Thursday, December 10, 2009

Laban’s Compromising Response -- Genesis 31:36-43-44


Then Laban replied to Jacob, "The daughters are my daughters, and the children are my children, and the flocks are my flocks, and all that you see is mine. But what can I do this day to these my daughters or to their children whom they have borne? So now come, let us make a covenant, you and I, and let it be a witness between you and me."

How embarrassing all this must have been for Laban in front of all his kinsmen? It is possible that many may not have been aware of the ‘whole’ story as Jacob told it. I could see them all now turning to Laban with a look that basically said, “and what do you say to that, Laban?” Well, we have Laban’s response, but the meaning behind what he said is not totally clear.

He starts off by saying “the daughters you refer to are indeed my daughters”. Laban wants it to be clearly understood by Jacob and everyone present that he has a right to his daughters. He does the same with respect to the children claiming they are his inasmuch as they are his grandchildren. Then he throws in his flocks and everything else that is around – according to him, everything that Jacob possesses is his. A person’s self-worth in those days, perhaps not unlike today, was measured in terms of property owned and their ability to boast about it. One supposes today somebody in the crowd would say about Laban, “the man just doesn’t get it, does he?” In fact, everything was indeed all Jacob’s, because God Himself had seen to it that it become rightfully his.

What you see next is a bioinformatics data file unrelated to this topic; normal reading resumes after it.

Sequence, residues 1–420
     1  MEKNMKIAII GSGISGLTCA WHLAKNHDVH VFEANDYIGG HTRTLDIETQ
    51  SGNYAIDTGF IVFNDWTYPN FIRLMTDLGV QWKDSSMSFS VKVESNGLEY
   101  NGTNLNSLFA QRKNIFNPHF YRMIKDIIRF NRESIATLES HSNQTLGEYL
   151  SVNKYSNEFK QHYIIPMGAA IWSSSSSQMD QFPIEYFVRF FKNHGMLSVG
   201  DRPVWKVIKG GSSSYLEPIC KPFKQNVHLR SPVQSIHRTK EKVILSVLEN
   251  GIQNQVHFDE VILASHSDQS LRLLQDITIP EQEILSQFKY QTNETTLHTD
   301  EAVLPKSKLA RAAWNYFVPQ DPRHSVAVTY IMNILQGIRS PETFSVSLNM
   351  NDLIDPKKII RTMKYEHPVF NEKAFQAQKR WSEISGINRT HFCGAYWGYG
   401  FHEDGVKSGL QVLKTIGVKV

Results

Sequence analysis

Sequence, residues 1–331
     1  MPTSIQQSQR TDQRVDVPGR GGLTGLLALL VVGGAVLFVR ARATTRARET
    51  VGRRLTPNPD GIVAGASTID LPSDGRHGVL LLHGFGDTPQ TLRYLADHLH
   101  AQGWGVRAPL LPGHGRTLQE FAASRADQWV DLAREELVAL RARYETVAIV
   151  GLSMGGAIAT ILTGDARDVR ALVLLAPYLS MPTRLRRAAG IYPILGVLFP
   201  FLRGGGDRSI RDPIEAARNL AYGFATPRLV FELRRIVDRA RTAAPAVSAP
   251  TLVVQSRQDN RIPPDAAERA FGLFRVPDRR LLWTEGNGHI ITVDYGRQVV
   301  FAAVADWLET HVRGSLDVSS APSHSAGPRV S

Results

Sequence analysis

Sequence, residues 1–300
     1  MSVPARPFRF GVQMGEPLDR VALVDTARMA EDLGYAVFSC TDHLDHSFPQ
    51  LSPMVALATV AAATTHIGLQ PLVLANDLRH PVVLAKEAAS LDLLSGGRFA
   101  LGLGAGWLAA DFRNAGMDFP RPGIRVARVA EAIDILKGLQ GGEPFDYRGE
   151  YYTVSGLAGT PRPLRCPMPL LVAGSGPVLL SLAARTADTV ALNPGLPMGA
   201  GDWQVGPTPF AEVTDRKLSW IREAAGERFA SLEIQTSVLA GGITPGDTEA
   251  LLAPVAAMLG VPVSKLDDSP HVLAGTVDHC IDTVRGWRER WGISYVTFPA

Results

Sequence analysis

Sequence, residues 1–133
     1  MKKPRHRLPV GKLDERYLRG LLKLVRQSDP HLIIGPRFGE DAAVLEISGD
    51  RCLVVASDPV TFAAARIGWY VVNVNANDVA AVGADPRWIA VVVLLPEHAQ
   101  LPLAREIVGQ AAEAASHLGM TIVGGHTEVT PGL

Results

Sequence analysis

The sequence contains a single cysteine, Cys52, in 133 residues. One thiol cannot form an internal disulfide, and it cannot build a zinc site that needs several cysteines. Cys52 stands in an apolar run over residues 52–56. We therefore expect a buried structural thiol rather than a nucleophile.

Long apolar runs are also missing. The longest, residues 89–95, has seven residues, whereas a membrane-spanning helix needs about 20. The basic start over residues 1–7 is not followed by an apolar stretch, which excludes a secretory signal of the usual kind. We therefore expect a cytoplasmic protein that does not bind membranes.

Either under this grand illusion or outright ownership or as the master compromiser that he is, Laban indicates that he cannot do anything that would hurt or upset his daughters and their children. He has nothing else to say to Jacob. He cannot condemn Jacob. He cannot deny what Jacob has said. He cannot justify himself. Some believe he was convicted by his own conscience for what he had done. I’m not so sure. All indications are that he realized the public predicament he was in and wanted to prevent Jacob from saying anything else. He admits no fault and does not ask for any forgiveness from Jacob or his daughters.

Instead, Laban wants to look like the magnanimous grantor of good things once again so he offers this great gesture of kindness in that he “won’t take any more action against Jacob”. In fact, he wants to go one step further as evidence of his newly expressed ‘kindness’. He invites Jacob to make a covenant with him as a witness between their agreement to be at peace. Have you ever experienced anyone with that kind of gull? Someone who has hurt you deeply and almost ruined you and then when finally exposed, wants to make peace with you and appear as the righteous one? I have and it is very difficult to contend with. You have all these witnesses just waiting for you to agree to the offer. Yet, deep down you know there’s more to look out for.

In Jacob’s case, Laban wants an agreement or covenant between them. In the verses that follow, we find out more about this and Jacob’s reaction.

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